It looks like the first show in KET’s new series, Education Matters, which aired Tuesday on KET 1, is already on line.
Find the webcast here.
As I mentioned in #3 in this Charter School Myths series, a 2009 report called “Informing the Debate, Comparing Boston’s Charter, Pilot and Traditional Schools” found charters notably outperformed the regular school system that city.
This graph from the report may help make that clearer. It is based on a very strong investigational method where performance of students who won lotteries to enter charter schools are compared to results for students who also entered those lotteries but didn’t win a charter school slot. This is basically a random-sample approach, which is the gold standard for similar research efforts.
The report says this graph plots the scores of lottery winners [shown by the green line for English Language Arts (ELA) and by the gray line (math)] to lottery losers scores (represented by the constant zero horizontal black colored axis line) over grades in middle and high school charter schools. The report concludes, “The relatively steep upward slopes of the lines suggest that Charter School impacts increase over the course of school.”
In other words, charter middle schools in Boston provided stronger educations for students, and the amount of that extra education increased as students remained in the charter schools for longer periods of time.
The report indicates that relative rise for math performance in charter schools equates to moving from the 50th to the 69th percentile of student performance, or erasing about half of the white to black achievement gap. The report terms this an “extraordinarily large” increase.
Does this look like evidence of “a failed reform” to you?
It doesn’t look like a failure to folks in the know in Massachusetts, either.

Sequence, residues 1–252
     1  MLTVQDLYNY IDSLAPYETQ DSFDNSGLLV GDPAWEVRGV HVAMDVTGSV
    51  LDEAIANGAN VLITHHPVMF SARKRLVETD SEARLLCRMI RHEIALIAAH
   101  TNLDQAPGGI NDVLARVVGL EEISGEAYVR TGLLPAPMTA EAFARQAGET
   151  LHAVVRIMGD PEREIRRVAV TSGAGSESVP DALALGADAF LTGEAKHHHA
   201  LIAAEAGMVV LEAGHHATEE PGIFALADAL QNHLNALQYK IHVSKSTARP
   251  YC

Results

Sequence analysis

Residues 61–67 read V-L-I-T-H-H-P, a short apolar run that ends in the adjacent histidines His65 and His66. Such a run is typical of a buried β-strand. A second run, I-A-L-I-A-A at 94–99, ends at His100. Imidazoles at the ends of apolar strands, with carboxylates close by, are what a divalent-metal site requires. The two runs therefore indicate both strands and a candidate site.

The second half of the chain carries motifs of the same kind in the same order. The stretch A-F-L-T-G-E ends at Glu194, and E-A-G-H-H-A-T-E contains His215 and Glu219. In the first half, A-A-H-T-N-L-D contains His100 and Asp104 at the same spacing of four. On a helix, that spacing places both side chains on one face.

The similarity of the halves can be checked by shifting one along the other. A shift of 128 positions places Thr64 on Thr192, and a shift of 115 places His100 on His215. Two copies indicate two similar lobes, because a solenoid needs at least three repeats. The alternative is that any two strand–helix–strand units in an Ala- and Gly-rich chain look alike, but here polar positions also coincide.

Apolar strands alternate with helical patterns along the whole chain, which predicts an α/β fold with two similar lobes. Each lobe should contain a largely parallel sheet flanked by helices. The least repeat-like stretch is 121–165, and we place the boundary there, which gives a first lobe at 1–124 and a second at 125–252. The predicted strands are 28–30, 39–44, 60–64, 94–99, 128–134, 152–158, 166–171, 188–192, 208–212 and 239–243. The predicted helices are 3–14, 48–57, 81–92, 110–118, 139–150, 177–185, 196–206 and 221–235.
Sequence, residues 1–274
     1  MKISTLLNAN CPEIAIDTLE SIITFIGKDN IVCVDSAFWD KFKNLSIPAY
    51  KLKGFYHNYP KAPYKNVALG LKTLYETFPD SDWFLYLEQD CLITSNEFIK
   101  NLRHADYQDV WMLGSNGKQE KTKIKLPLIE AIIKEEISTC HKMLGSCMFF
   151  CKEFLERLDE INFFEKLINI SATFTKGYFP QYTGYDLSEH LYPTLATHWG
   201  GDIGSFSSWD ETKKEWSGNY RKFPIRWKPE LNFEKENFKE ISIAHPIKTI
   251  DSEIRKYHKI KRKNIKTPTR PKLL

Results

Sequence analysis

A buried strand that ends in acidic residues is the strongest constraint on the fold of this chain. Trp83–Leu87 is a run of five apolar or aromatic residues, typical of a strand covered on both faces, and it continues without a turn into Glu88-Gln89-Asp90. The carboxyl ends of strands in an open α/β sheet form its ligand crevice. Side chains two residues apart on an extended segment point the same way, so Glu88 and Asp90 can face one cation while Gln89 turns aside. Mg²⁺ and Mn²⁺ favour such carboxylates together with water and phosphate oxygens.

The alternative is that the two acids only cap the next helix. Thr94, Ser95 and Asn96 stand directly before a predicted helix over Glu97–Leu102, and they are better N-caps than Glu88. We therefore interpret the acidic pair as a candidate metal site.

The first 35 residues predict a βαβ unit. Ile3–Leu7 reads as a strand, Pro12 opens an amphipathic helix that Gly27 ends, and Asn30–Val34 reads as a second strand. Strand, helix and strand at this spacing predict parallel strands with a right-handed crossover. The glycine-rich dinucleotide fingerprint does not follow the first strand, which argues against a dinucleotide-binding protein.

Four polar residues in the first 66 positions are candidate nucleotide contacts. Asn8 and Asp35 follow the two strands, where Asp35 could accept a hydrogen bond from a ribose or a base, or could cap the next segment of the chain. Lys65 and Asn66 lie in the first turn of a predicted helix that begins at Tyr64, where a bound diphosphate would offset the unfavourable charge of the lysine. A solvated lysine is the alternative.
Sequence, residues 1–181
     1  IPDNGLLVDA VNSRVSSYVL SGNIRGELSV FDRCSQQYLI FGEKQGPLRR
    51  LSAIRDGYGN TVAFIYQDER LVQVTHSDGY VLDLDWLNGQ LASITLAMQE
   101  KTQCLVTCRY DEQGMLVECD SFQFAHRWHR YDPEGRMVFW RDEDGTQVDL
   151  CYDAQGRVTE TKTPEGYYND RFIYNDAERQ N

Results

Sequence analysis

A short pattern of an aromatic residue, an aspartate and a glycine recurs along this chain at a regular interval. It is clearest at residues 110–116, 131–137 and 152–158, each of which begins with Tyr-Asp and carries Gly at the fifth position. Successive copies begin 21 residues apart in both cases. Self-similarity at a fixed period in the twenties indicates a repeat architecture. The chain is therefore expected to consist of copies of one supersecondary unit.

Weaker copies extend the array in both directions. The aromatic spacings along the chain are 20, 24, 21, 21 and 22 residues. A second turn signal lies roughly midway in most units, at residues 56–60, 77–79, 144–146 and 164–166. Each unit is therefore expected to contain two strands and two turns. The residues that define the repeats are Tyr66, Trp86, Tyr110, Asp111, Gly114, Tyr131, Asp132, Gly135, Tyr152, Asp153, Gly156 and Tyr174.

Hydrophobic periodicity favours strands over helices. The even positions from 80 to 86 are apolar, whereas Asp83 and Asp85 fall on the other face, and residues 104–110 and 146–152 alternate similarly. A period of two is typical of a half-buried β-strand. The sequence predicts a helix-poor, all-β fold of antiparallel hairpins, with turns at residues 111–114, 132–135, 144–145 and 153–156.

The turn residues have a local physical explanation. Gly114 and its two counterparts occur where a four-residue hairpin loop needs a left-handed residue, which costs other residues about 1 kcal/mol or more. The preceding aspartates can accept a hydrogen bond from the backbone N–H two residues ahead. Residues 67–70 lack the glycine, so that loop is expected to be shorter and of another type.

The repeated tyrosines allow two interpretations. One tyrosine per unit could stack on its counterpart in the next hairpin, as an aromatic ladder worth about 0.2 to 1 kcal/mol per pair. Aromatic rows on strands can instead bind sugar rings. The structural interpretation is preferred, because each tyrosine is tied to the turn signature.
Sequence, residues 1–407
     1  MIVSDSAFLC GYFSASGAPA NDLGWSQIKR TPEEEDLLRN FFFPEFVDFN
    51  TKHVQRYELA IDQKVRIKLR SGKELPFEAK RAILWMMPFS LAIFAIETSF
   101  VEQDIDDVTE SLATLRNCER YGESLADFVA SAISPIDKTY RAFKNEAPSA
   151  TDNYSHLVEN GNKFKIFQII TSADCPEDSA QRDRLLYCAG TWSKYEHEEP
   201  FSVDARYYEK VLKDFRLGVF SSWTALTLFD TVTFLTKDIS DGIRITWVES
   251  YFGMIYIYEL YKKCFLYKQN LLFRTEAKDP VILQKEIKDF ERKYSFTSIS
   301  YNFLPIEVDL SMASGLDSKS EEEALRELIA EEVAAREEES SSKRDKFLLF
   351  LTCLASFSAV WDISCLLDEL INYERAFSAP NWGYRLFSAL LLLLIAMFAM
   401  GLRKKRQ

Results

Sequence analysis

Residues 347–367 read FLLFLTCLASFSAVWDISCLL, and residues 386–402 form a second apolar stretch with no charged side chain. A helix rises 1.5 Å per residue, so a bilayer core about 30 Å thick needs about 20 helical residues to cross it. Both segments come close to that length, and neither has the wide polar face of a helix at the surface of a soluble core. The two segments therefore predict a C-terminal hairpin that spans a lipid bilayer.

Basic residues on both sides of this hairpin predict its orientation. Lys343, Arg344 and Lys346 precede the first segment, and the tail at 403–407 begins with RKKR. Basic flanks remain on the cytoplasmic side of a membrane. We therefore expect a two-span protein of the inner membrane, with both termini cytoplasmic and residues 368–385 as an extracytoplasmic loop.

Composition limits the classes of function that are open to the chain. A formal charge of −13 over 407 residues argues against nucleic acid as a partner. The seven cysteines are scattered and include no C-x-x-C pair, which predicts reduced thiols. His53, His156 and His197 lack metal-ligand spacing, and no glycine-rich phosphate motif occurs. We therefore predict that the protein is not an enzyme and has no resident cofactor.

If you missed Monday’s remarkable KET Kentucky Tonight show on charter schools, you can now watch it on line here.
The Bluegrass Institute’s Jim Waters and Pastor Jerry Stephenson, chairman of the Kentucky Education Restoration Alliance, made the case for bringing charter schools to the commonwealth.
Note that you need the flash media player in your computer to view this. You probably will be directed to get that viewer when you try to open the link if you don’t already have it.
View this show for yourself and let us hear your feedback.
By the way, I don’t recall KET television ever getting a show online so quickly. Good job, KET!
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Click here to read the entire news release.
– No myth – Actual Quote
“What is it about Charter Schools that allows them to achieve such strong results, and how can their effective practices be more widely disseminated?”
Mitchell D. Chester, Massachusetts Commissioner of Elementary and Secondary Education in his cover letter for a 2009 report on charter school performance. Chester was specifically commenting on this remarkable and recent report’s findings that charter schools in Boston notably outperformed the regular school system there.
By the way, this report used two separate analysis approaches and found generally similar results for charter schools from both.
The report was created by a partnership between The Boston Foundation and the Massachusetts Department of Elementary and Secondary Education, which makes it less likely to be biased.
– Myth (in fact, outrageous myth) we heard during the January 18, 2009 Kentucky Tonight show
“It’s a failed reform.”
Sheldon Berman, Jefferson County Public Schools Superintendent
Note: During the Kentucky Tonight telecast, Dr. Berman cited his experience with charter schools in Massachusetts as a major part of the basis of his easy-to-refute claim.
As you can see, the Massachusetts Commissioner of Elementary and Secondary Education would likely be very surprised to hear anyone proclaim that charter schools are a failure based on what is really happening in his state’s schools.
Dr. Berman clearly hasn’t kept up with what is happening in Massachusetts, or with reports elsewhere. We’ll discuss that in another blog.
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